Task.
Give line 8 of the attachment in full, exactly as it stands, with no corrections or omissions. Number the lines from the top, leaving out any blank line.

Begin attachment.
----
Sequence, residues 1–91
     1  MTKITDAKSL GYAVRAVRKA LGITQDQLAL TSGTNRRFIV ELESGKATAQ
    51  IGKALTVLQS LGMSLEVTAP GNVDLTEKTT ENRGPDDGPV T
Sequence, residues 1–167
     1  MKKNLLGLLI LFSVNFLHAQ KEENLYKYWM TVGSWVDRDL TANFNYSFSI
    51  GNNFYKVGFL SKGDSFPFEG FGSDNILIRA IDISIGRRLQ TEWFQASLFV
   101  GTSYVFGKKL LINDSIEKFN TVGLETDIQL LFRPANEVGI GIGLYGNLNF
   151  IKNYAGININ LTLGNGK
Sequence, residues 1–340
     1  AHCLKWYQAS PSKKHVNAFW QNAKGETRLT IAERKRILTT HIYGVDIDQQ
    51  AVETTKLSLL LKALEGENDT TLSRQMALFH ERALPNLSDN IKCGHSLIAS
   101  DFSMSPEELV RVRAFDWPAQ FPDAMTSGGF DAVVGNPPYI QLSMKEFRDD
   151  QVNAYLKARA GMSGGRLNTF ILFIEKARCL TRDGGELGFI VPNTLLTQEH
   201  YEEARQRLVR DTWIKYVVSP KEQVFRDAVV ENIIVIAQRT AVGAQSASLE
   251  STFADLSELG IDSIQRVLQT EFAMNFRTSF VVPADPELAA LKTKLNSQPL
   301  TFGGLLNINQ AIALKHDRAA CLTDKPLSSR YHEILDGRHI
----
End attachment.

   151  IKNYAGININ LTLGNGK